Mnemonic Cues … are they worth it?

For those of you who have been reading Statistical Sage for a while, you know … we’re all about helping students mastering the underlying concepts in statistics. With that conceptual understanding, students can then begin to use statistics as the tools that they are, for answering important questions. However, if you are missing critical concepts (e.g., what is a sampling error, and how do we find it), then you may miss a critical step (e.g., like assuring that your data has been selected independently, otherwise your estimation of the standard error will be as useful as flipping a coin.) Yes, at Statistical Sage we focus on helping students develop a deep understanding of statistical concepts. However, when I read the article in the Teaching of Psychology http://top.sagepub.com/content/38/4/247.abstract?rss=1 Staldler and Olson (2011)’s article t for Two: Using Mnemonics to teach statistics, this gave me a bit of a pause.

Are we, in this era of immediate gratification, doing our students a disservice by telling them that memorizing a few “trick” phrases can help them master statistics? Yet, it is true. When I teach about the independent and related t-test, I sing the song … “Tea for Two,” I also sing the song “‘Tis a Gift to be Simple” when I review the canon of science, parsimony. I even use hand signals and sign language when I am teaching. Typically students don’t even recognize my use of American Sign Language when teaching. Yet, when they get confused on the test and ask questions, often just a repeated hand symbol will be enough for the students to access the information… not just the word, but the entire concept.  And, yes, I’ve even hummed a few bars of a song I sang in class and it often helps student retrieve all of the information they need. Thus, as I thought about mnemonic cues, I thought that they are just a way to ease the trace to the stored information. If the information was never stored, it’s not going to get the students to master the concepts.

Thus, I encourage everyone to help students with mnemonic cues, but don’t be fooled into thinking that mnemonic cues, alone, will be enough to help students master and apply important statistical concepts.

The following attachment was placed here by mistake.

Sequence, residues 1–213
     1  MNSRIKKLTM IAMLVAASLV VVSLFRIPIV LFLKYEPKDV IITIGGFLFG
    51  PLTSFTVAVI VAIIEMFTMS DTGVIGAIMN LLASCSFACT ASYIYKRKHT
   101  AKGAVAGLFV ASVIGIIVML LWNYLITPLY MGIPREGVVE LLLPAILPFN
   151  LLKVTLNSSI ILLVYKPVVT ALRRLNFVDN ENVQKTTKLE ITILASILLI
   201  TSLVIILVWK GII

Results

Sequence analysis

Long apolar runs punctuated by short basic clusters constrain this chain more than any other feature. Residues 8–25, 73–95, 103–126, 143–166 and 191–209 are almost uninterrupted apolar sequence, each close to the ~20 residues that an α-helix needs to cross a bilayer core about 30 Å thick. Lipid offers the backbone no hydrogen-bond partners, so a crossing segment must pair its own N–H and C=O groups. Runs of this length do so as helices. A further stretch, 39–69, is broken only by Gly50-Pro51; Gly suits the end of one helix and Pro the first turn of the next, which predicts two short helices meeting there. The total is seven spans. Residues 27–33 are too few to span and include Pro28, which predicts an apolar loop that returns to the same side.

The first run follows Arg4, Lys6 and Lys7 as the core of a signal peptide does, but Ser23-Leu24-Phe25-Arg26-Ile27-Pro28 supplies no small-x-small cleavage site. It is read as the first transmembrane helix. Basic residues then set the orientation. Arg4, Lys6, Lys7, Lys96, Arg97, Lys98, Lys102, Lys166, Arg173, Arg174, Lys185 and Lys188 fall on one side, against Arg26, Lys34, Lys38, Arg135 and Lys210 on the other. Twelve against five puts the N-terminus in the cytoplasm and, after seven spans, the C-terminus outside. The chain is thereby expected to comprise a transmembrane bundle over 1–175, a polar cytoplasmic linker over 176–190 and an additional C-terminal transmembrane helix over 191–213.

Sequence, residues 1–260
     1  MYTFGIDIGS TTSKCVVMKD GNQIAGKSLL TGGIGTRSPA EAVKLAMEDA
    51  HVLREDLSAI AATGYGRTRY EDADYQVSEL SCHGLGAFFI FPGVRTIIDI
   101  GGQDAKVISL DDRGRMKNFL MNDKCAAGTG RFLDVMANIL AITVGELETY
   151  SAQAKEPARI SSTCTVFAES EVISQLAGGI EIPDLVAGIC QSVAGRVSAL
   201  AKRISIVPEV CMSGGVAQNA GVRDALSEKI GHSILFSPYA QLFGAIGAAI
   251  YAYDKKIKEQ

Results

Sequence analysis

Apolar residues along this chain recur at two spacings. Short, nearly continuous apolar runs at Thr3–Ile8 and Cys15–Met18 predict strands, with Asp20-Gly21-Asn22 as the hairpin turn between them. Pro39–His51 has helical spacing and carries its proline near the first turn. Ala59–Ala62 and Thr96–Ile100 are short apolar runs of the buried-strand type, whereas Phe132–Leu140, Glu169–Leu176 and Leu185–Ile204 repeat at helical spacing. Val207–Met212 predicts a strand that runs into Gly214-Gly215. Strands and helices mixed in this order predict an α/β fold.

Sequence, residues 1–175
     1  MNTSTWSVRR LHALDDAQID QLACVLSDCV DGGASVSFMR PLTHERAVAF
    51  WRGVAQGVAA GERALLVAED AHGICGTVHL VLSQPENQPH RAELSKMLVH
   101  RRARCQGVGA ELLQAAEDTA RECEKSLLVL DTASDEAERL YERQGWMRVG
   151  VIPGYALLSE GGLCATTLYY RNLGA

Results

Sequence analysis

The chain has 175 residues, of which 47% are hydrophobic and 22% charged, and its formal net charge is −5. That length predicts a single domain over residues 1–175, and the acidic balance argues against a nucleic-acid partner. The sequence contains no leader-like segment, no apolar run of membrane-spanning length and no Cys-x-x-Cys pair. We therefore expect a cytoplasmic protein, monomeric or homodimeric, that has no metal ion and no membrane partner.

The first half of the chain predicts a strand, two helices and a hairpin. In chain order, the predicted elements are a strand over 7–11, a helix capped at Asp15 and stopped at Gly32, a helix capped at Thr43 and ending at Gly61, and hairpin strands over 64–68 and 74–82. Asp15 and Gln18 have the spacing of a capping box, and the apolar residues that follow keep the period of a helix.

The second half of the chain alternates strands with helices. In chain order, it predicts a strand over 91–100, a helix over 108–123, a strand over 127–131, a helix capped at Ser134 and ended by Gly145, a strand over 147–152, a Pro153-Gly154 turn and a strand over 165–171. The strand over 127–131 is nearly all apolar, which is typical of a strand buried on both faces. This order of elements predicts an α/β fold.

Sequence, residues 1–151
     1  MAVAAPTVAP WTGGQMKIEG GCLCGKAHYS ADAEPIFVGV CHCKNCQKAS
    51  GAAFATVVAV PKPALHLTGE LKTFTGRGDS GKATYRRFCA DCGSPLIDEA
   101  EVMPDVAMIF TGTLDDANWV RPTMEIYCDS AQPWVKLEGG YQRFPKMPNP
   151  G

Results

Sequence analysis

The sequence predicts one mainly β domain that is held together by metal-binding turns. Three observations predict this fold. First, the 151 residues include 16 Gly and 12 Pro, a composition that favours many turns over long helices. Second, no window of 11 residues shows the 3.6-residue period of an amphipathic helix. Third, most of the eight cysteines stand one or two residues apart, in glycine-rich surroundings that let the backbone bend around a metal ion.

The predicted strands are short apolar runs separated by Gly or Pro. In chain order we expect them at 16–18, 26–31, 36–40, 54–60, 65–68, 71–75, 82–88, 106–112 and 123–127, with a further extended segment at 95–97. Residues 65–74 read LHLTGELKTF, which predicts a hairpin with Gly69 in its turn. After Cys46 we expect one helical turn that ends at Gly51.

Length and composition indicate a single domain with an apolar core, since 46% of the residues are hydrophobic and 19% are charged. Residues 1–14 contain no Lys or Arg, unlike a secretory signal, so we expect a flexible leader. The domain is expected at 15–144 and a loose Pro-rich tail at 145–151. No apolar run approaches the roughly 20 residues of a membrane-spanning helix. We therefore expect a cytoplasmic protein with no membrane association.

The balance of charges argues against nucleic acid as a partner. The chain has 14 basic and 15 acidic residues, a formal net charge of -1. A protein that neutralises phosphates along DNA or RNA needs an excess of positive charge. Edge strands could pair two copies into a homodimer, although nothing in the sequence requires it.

Now, I will share my two favorite mnemonic cues that I use for Error.

As you know, there are two classes of error in research … observational error and decision making error.

Let’s take observational error first … let’s face it, error is a MES (with one S). We have Measurement Error, Experimenter Error, and Sampling Error. We use Statistics to estimate the Sampling Error, that is error due to individual difference of the subjects who just happen to be in our sample. I find that by using this basic mnemonic, students are more apt to recall all three types of observational error.

There is, however, a second type of error … that is decision making error. Now, these tremendously nondescript labels for decision error (Type I and Type II) are easily confused. This simple trick helps students … Type I error is a False Alarm (the probability of finding a statistically significant difference when one really isn’t there), while a Type II error is a MiSS (The probability of missing a statistically significant difference when one was really there). Notice that Miss has two S’s for  Type TWO.

Sure, I do several activities to help students to understand the concepts of sampling error and Type I and Type II error. In truth, the concepts are a bit easier than matching the names to the concepts, thus the mnemonic device helps students retrieve the information.

I highly encourage everyone to enter into the use of mnemonic cues carefully. Make sure students understand the underlying concepts before teaching them the mnemonic trick, and it will do what is it suppose to do, help lead students to the information so carefully stored in their brain.

If you have mnemonic tricks you use in your stats classes, I encourage you to post them here.

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2 Comments

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2 responses to “Mnemonic Cues … are they worth it?

  1. I always found Pat O’S’s description of Type I and Type II error as “Optimist’s” and “Pessimist’s” error helpful.

    That mnemonic is somewhat different than some you describe, as it is based on meaning rather than on incidental association.

    I know that I personally found mnemonics of exceptional use when studying for the CPA exam. The more “pegs” you have to hang your memories on, the easier they will be to encode and retrieve.

    • Hi Elissa,
      I had forgotten about that mnemonic, and what is nice about it is it includes a bit of concept in it.
      I know I have mnemonics I used when I used to teach elementary school, and I still remember the information, decades late (like the moons of Jupiter!)

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